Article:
I’m sure I’m not the only pastor who’s been rocked by Craig Groeschel’s famous statement that, “If you want to reach people you’re not currently reaching you’re going to have to do things you’re not currently doing.” That idea has pushed me to do some things that, well, I had never considered doing before.
A few months ago the thought came to me that most unchurched and dechurched people have an image of church services being dull and boring. We probably haven’t reached many people with that mindset, so I decided to do something that might get their attention: I hired a comedian … to preach for me.
We billed the services as, “The Funniest Church Service Ever.” We empowered our people with invitations, put a big banner out front and prayed that the disenfranchised would come. My prayer was, “Lord, draw some people who never thought they’d come to church.”
I know, it’s written somewhere that comedians and preaching don’t mix. But testimonies and church services go quite well together.
So I asked our comedian to share some of his personal experiences (i.e., testimony), along with a biblical message, and it worked better than I had hoped. By God’s grace, we touched 500 people that we had never touched before. And a surprisingly large number of them returned the following weekend and are becoming part of the church.
Yes, we drew a line that deviated slightly from “the box.” That’s what we intended to do, because we wanted to reach some people that we hadn’t reached before.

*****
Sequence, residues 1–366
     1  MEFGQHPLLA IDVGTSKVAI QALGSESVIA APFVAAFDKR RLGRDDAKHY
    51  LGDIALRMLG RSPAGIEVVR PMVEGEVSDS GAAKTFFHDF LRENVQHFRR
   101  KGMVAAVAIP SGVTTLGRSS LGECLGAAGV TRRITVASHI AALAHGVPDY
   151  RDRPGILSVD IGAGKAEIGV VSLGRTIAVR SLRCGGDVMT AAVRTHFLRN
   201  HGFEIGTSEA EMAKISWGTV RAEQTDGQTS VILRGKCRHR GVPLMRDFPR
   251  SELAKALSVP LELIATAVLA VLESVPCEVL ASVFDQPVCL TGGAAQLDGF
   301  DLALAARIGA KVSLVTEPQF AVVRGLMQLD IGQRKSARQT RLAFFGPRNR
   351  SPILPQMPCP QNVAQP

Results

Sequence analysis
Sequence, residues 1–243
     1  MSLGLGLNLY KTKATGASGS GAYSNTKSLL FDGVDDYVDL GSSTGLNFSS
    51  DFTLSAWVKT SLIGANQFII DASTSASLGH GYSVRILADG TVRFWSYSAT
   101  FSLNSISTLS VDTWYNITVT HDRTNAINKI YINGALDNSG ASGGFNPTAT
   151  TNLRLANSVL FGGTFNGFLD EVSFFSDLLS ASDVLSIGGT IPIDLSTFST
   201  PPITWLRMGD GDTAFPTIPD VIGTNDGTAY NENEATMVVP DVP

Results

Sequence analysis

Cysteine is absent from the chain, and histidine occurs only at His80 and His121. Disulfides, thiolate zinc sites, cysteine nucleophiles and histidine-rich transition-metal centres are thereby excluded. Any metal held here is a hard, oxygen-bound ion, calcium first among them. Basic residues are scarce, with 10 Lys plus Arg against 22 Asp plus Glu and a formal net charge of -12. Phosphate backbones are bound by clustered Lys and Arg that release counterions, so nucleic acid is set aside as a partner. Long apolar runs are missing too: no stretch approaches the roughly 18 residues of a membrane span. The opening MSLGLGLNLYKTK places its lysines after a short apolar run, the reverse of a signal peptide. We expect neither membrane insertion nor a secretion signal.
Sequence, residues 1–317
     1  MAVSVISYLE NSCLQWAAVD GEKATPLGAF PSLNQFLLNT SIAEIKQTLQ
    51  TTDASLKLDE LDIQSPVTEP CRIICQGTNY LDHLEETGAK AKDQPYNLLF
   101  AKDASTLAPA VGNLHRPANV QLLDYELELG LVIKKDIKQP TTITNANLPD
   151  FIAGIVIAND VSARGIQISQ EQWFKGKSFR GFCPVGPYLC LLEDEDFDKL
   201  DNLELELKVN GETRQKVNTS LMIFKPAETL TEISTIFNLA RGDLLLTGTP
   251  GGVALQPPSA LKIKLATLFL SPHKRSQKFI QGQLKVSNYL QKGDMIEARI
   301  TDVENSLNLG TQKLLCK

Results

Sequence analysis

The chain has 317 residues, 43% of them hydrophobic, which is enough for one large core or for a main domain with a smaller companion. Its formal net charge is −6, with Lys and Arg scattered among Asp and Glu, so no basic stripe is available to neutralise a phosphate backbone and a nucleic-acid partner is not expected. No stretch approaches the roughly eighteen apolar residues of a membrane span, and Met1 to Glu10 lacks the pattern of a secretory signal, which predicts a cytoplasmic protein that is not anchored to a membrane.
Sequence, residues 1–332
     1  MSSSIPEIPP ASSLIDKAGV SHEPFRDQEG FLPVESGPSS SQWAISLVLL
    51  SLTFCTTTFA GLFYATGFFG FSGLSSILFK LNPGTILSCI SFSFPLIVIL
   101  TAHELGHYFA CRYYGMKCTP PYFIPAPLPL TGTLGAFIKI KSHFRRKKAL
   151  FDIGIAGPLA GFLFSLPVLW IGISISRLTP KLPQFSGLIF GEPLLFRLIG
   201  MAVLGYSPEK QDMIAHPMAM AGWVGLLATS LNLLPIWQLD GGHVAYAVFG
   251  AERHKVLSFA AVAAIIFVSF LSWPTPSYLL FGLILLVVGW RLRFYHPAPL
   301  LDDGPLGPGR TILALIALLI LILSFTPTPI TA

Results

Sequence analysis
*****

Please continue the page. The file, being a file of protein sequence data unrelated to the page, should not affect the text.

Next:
Yes, we took some criticism from members that felt we crossed a line. And yes, I suppose I’ll get several critical comments from pastors reading this.
But I decided a long time ago I was willing to do anything short of sin to reach people for Christ. And it looks like somewhere around 50 eternities have been changed as a result of our funny church service.
The truth about me is, I work fairly hard at inviting friends and neighbors to church, and most of them turn me down regularly. I discovered that inviting them to hear a comedian at church was easier than almost any other invitation I’ve given. Over breakfast one morning, I invited three men to attend. All of them agreed. One of them was our city’s former mayor—who thanked me profusely (with a big smile on his face) after the service.
Ecclesiastes says that there is a time to mourn and a time to laugh. We do a lot of mourning in church. Proverbs 17:22 says that, “A cheerful heart is good medicine.” I got to experience that up close and personal that weekend.
Dozens of people reported how healed they felt as a result of laughing together. A lady told me she enjoyed it so much, she stayed for a second service. – I wish I could say that happens when I preach!
A few days afterwards, an older gentleman emailed me so say that he hadn’t been to a church in years. The one-two emotional punch of laughter from our speaker combined with a personal touch during our prayer partner time so moved him that he’s decided to continue attending. His note concluded with, “I was at the point of suicide more than once … I hope this encourages you in your efforts to reach the wounded.”
I am learning that there’s a close relationship between faith and risk. This one seems to have paid off for us. It may not work for everyone. Maybe our next outside-the-box venture won’t turn out as well for us. But as for me and my church, I hope we’ll continue to find ways to draw our boundaries wider, in order to reach previously unreached segments of our city.
What risks have you taken that have paid off for the gospel? I’d love to hear about them.
Hal Seed is the founding pastor of New Song Church in Oceanside, Calif. He is currently encouraging churches to launch a Bible Reading Revolution in their churches and cities. Find out how to participate at www.pastormentor.com.
For the original article, visit pastormentor.com.